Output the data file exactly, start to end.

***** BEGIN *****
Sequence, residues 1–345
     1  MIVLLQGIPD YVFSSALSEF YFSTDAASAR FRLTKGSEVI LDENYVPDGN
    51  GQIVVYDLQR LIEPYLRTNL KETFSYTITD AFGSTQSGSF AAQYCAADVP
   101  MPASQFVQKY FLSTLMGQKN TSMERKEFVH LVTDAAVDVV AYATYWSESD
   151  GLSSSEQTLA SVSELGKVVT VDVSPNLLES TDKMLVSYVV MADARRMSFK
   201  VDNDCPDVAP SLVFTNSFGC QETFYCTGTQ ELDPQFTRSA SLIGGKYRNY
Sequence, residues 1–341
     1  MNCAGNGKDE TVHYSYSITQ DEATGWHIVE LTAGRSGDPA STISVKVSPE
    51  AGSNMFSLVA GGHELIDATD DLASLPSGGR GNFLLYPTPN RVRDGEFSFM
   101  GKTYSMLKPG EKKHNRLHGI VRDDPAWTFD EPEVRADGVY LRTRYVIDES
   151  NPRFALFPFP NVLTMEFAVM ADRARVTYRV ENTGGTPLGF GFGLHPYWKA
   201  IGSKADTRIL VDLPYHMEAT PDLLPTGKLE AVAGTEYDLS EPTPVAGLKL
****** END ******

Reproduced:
Sequence, residues 1–345
     1  MIVLLQGIPD YVFSSALSEF YFSTDAASAR FRLTKGSEVI LDENYVPDGN
    51  GQIVVYDLQR LIEPYLRTNL KETFSYTITD AFGSTQSGSF AAQYCAADVP
   101  MPASQFVQKY FLSTLMGQKN TSMERKEFVH LVTDAAVDVV AYATYWSESD
   151  GLSSSEQTLA SVSELGKVVT VDVSPNLLES TDKMLVSYVV MADARRMSFK
   201  VDNDCPDVAP SLVFTNSFGC QETFYCTGTQ ELDPQFTRSA SLIGGKYRNY
Sequence, residues 1–341
     1  MNCAGNGKDE TVHYSYSITQ DEATGWHIVE LTAGRSGDPA STISVKVSPE
    51  AGSNMFSLVA GGHELIDATD DLASLPSGGR GNFLLYPTPN RVRDGEFSFM
   101  GKTYSMLKPG EKKHNRLHGI VRDDPAWTFD EPEVRADGVY LRTRYVIDES
   151  NPRFALFPFP NVLTMEFAVM ADRARVTYRV ENTGGTPLGF GFGLHPYWKA
   201  IGSKADTRIL VDLPYHMEAT PDLLPTGKLE AVAGTEYDLS EPTPVAGLKL